In a move that surprised a large swath of the gaming community, Sony and Microsoft on Thursday announced a partnership aimed at «technology and information sharing.»
The two giants of industry did not directly mention any current or future gaming platforms. However, the announcement said that among other things, some focus would be placed on «game and content-streaming services.»
Additionally, both Sony and Microsoft said the partnership would allow for exploration in the areas of technology and A.I., specifically mentioning semiconductors for imaging technology as well as research into the «incorporation of Microsoft’s advanced AI platform and tools in Sony consumer products…»
Of the partnership, Kenichiro Yoshida, president and CEO of Sony, said:
PlayStation itself came about through the integration of creativity and technology. Our mission is to seamlessly evolve this platform as one that continues to deliver the best and most immersive entertainment experiences, together with a cloud environment that ensures the best possible experience, anytime, anywhere.
For many years, Microsoft has been a key business partner for us, though of course, the two companies have also been competing in some areas. I believe that our joint development of future cloud solutions will contribute greatly to the advancement of interactive content.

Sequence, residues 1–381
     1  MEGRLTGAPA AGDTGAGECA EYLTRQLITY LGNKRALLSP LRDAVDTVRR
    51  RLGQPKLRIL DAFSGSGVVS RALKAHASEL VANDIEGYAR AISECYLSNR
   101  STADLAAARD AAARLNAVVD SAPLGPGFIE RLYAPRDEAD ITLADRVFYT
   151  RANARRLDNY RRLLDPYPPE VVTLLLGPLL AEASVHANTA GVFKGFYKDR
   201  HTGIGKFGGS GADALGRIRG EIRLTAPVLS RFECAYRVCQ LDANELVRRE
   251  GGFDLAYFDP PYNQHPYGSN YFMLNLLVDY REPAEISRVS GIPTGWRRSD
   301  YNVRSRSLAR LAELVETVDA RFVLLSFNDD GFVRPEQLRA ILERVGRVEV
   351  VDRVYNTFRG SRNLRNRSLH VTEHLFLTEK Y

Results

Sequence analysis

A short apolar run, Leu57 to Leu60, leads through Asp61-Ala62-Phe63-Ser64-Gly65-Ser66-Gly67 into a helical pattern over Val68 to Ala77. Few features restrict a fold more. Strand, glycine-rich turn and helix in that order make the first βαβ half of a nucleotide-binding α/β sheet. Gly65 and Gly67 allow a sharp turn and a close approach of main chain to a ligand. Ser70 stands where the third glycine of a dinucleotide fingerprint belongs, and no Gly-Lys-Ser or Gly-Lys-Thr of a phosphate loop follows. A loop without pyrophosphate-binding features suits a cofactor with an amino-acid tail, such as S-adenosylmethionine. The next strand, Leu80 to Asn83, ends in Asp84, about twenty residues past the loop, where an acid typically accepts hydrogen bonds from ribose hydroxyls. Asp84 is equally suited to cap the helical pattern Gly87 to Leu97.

With that said, the exact nature of the partnership remains muddy and it does not dispel the fact that both companies are still very much competitors in the current gaming sphere.
Sony has confirmed work on its next-gen console has been underway for some time, while it’s all but certain official news regarding the next Xbox is on the immediate horizon. Additionally, Sony’s PlayStation Now service currently competes with Microsoft’s upcoming xCloud streaming service, as both allow streaming of console-specific titles to multiple devices.
At GDC in March, Google unveiled Stadia, the company’s cloud-based video game streaming service. It allows for the streaming of high-quality AAA games to any internet-connected device, including PCs, phones, and tablets.
While some hands-on impressions were positive, others in the gaming community remain skeptical of the technology and the infrastructure needed for it to succeed.
Considering Azure’s database footprint extends to 140 countries, Microsoft is conceivably one of the only companies that could rival Google’s cloud-streaming capabilities.